Mirapex Sustained Release Tablet Outperforms Immediate Release Version to Relieve Sleep Disturbances

Mirapex Sustained Release Tablet Outperforms Immediate Release Version to Relieve Sleep Disturbances
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Mirapex

Sustained release formulation of pramipexole (MirapexBoehringer Ingelheim) outperforms its immediate release alternative to treat sleep disturbances in advanced Parkinson’s patients, a new study suggests.

The research, “Comparison of nocturnal symptoms in advanced Parkinson’s disease patients with sleep disturbances: pramipexole sustained release versus immediate release formulations,” was published in Drug Design, Development and Therapy.

Sleep disturbances, which may include insomnia, nightmares, restless sleep and daytime sleepiness, are among Parkinson’s non-motor symptoms and may worsen as the disease progresses.

Parkinson’s is characerized by the loss of dopamine-producing neurons in an area of the brain called the substantia nigra, which leads to reduced levels of the neurotransmiter dopamine.

As dopamine deficiency may explain sleep disturbances in Parkinson’s patients, treatment with dopamine receptor agonists such as pramipexole is a common first-line strategy. These compounds have similar properties to dopamine and can fulfill some of dopamine’s functions in the brain.

Mirapex is available in both immediate release tablets taken three times daily, and in a once-daily sustained release tablet for continuous delivery.

Studies have shown that continuously delivering dopaminergic treatment, rather than intermittent short-acting regimens, provides more constant stimulation of dopaminergic receptors. This, in turn, could reduce the risk of motor complications and sleep disturbances.

Even though the two formulations have shown similar effectiveness in trials assessing motor and non-motor symptoms, studies did not assess its effects on Parkinson’s-related sleep problems.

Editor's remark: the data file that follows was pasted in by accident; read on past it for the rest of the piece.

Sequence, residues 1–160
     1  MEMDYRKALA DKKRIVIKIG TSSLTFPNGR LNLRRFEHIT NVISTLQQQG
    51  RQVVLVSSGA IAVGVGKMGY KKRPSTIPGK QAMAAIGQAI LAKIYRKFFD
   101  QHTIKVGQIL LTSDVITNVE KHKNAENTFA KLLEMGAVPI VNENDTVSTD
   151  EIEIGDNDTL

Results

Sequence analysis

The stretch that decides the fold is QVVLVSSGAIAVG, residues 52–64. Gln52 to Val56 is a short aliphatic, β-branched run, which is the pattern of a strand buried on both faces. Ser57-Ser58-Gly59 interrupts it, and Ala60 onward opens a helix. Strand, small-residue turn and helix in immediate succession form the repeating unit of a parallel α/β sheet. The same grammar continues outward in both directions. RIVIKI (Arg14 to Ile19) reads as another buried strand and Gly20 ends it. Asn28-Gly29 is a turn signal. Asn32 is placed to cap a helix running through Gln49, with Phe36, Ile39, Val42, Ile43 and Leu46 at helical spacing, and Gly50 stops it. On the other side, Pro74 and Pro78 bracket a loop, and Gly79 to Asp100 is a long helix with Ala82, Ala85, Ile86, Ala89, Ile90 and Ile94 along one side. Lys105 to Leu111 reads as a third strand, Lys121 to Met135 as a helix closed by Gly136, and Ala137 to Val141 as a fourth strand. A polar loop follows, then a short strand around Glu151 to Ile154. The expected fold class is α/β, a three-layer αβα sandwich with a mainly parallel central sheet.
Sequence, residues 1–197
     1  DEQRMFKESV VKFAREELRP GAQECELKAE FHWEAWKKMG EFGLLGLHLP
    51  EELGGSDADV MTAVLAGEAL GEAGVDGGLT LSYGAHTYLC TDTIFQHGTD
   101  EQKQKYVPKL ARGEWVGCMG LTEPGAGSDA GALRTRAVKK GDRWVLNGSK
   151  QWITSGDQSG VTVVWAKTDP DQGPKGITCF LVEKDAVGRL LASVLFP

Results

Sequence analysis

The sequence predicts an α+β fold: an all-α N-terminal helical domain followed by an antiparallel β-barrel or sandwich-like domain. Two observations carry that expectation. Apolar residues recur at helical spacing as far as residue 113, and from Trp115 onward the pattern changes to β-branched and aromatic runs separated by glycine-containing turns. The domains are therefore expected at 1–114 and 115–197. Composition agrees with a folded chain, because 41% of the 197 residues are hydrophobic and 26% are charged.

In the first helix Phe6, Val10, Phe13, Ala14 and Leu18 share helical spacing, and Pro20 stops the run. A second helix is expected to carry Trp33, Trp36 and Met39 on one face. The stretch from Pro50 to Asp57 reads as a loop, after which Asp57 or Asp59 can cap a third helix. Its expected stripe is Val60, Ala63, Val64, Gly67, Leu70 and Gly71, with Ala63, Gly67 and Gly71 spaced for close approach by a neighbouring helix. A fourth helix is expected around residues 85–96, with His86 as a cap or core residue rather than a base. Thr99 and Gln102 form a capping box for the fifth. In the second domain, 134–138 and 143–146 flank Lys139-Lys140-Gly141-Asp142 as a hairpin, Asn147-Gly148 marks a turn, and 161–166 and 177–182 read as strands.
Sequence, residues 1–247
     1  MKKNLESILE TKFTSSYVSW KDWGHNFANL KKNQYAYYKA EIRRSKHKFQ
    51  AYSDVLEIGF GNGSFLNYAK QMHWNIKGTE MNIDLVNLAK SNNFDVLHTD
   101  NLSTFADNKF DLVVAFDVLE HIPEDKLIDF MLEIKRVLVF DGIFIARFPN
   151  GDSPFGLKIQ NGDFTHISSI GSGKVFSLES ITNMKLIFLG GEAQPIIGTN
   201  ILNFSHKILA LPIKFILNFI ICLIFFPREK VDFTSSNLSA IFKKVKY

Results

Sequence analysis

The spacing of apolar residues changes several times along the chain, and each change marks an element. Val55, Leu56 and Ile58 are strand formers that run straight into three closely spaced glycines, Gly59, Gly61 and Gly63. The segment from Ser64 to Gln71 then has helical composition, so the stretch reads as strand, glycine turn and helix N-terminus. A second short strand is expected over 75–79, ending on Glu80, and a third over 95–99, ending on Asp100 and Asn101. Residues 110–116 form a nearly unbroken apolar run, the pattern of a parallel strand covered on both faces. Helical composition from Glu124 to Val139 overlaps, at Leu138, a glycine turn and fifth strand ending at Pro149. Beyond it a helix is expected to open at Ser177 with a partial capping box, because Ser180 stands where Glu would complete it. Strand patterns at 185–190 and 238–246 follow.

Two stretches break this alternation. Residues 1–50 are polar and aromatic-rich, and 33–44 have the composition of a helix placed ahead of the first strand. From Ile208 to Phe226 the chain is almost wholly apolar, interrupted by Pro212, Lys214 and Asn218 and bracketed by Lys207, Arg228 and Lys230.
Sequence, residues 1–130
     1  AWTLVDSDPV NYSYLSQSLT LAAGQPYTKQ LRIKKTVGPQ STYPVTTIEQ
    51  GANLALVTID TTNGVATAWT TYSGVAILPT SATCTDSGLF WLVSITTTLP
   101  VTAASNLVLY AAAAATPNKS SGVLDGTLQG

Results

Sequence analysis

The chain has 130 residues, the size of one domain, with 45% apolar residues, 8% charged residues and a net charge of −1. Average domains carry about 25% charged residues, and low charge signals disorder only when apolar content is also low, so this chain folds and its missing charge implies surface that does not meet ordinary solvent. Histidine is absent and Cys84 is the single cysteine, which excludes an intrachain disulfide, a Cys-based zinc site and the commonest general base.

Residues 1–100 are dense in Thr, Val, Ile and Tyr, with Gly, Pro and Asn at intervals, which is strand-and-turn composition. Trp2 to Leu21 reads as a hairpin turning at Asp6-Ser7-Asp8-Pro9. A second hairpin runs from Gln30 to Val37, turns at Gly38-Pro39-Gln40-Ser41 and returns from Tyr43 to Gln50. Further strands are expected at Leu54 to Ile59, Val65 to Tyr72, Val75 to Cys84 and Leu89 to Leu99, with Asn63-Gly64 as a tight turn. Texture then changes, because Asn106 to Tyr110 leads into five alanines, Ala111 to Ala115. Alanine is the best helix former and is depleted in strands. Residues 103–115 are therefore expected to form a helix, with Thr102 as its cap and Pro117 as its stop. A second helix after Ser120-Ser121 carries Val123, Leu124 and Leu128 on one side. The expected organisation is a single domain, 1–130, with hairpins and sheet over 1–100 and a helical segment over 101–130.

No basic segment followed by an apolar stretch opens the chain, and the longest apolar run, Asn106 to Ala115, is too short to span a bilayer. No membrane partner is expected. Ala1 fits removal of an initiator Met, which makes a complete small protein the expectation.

Now, a team of Chinese researchers compared the benefits of pramipexole sustained release and immediate release to treat nocturnal symptoms of advanced Parkinson’s patients with sleep disturbances who participated in a Phase 3 clinical trial (NCT00466167). All analyzed patients experienced motor fluctuations while on stable levodopa treatment.

A total of 119 patients reported sleep problems at the beginning of the study – 59 of whom received pramipexole sustained release, and 60 who received the immediate release formulation.

Although both formulations improved nocturnal symptoms, at week 18 patients taking the sustained release formulation reported greater relief from sleep disturbances than those on the immediate release formulation. However, this difference was not statistically significant.

Also, patients on the sustained release formulation had a greater mean change in all categories of the Parkinson’s Disease Sleep Scale (a tool to measure sleep problems in Parkinson’s disease) in comparison with those receiving pramipexole immediate release.

The number of patients experiencing any adverse effect was similar between both formulations — 62.7% vs 70% in sustained release or immediate release, respectively.

“The cur­rent observations on the numerical difference between groups suggest that future prospectively designed research is neces­sary to confirm the effects of pramipexole [sustained release] for improved sleep,” researchers wrote.

These findings show that “[pramipexole sustained release] and [immediate release] are equally safe and well tolerated by patients with advanced [Parkinson’s],” they said.

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